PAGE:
Europe strives for credibility in bank stress tests

PARIS Tue Jun 25, 2013 3:11pm BST

An illuminated euro sign is seen in front of the headquarters of the European Central Bank (ECB) in the late evening in Frankfurt January 8, 2013. REUTERS/Kai Pfaffenbach

An illuminated euro sign is seen in front of the headquarters of the European Central Bank (ECB) in the late evening in Frankfurt January 8, 2013.

Credit: Reuters/Kai Pfaffenbach

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PARIS (Reuters) - European governments are hoping a leading role for the European Central Bank (ECB) and a more detailed review of assets will give the latest round of stress tests for the region's banks what they have lacked in the past - credibility.

Europe needs an open and comprehensive review of its banks if it is to persuade investors and taxpayers that its financial industry is on the mend, after previous assessments missed problems in countries such as Ireland, Spain and Cyprus.

"We will need a better starting point," Piers Haben, a senior official at the European Banking Authority (EBA), told an audience of several hundred bankers at the Institute of International Finance's spring meeting in Paris on Tuesday.

"Ensuring we have proper data and assessments of asset quality is key."

The ECB wants a thorough examination of the euro zone's banks before it takes over supervision of the sector in mid-2014 and the EBA will play a key role in the stress tests, which aim to gauge how banks can cope under different economic scenarios.

Unlike the United States, where lenders were given a thorough examination followed by recapitalisation in 2009, Europe's banks have faced a series of half-hearted assessments.

The sector passed the first test in 2009, carried out by the EBA's predecessor, with flying colours, and in 2010, only eight lenders failed out of 90 tested with a collective capital shortfall of just 3.5 billion euros (2.9 billion pounds).

In 2011, the EBA got tough, telling the sector collectively to raise 106 billion euros by mid-2012.

That prompted an outcry from bankers, highlighting the fine line the authorities have to tread between being too lenient and being so demanding that banks rein in activities essential to the economy, such as lending.

"The difficulty of stress tests shouldn't be underestimated," Credit Agricole (CAGR.PA) chief executive Jean-Paul Chifflet told the audience in Paris, pointing to the difficulty of devising a stressed scenario that was "not catastrophic but difficult and plausible" and the importance of clear communication to markets about the results.

Phone calls between executives at Anglo Irish Bank published this week show how catastrophically policymakers had got it wrong at the height of the financial crisis in 2008, when one Anglo banker admitted the sum of 7 billion euros it was demanding from Ireland's central bank had been "picked out of my arse".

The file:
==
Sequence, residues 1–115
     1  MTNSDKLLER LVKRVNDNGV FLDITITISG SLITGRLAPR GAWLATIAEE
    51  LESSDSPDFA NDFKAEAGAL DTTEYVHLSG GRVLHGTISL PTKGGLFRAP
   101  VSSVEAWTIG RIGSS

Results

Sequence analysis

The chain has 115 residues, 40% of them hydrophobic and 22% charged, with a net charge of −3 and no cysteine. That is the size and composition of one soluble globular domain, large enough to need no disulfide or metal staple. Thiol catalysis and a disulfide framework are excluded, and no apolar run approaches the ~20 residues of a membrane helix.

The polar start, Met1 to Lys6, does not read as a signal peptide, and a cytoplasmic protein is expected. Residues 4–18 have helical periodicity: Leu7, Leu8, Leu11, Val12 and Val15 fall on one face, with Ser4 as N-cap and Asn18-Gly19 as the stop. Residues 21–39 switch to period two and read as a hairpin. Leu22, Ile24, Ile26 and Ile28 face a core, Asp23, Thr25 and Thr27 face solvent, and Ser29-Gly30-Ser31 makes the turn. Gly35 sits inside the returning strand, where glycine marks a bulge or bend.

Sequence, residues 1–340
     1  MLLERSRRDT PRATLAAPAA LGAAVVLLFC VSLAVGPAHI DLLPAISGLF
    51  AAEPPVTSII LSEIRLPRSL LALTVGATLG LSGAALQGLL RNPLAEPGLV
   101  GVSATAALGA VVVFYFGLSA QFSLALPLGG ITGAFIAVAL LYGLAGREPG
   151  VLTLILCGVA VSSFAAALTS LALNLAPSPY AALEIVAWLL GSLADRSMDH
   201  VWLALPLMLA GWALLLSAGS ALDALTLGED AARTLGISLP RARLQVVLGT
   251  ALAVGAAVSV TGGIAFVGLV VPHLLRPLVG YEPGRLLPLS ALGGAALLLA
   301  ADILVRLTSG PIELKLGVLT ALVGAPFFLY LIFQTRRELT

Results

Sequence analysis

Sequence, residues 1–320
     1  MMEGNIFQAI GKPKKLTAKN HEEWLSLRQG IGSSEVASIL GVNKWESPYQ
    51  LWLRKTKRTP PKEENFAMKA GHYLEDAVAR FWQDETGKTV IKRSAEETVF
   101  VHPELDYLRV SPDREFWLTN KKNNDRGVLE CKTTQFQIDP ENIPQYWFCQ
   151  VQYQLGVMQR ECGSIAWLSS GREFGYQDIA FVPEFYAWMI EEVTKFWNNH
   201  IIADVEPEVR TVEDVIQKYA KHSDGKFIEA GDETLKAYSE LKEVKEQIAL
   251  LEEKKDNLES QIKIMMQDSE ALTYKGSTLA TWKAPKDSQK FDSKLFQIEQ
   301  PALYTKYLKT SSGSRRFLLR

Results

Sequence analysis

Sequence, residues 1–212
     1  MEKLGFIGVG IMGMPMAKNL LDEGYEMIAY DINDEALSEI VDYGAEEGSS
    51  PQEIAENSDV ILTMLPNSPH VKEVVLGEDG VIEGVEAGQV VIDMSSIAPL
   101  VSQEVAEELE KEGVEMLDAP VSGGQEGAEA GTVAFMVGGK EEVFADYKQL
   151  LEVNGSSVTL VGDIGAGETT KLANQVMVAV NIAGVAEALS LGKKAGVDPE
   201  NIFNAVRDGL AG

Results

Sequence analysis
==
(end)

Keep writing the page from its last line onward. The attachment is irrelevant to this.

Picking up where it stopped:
Anglo, since closed down, accounted for the lion's share of Ireland's 67.5 billion euro bank bailout.

THIS TIME IT'S DIFFERENT

Officials involved in the 2011 stress tests told Reuters there were blind spots last time around.

Chief among them was the second-hand data the EBA was working with, which was collected by national regulators and then subject to peer review, where teams drawn from across the European Union analysed the results from other countries.

This time, for euro zone banks at least, the ECB itself will supervise an "asset quality review" at banks which will look much more closely at how banks assess risks attached to loans.

Britain, which is outside the euro zone, has just carried out an asset quality test on its eight biggest banks, requiring them to raise an extra 13 billion pounds in capital.

"In terms of a process, the asset quality review would be much more detailed and have a much sounder foundation," Tom Huertas, a former alternate chair of the EBA who is now a partner in Ernst & Young's financial risk practice, told Reuters.

The other flashpoint in 2011 was the treatment of sovereign debt and the fact that banks did not have to assume losses on government debt they classified in a certain way, even if selling those bonds immediately would trigger a loss.

This time, banks will have to account for potential losses.

"The treatment of government debt will undoubtedly be more rigorous," said Huertas, echoing the views of several other industry figures who spoke to Reuters.

(Editing by Carmel Crimmins and Mark Potter)

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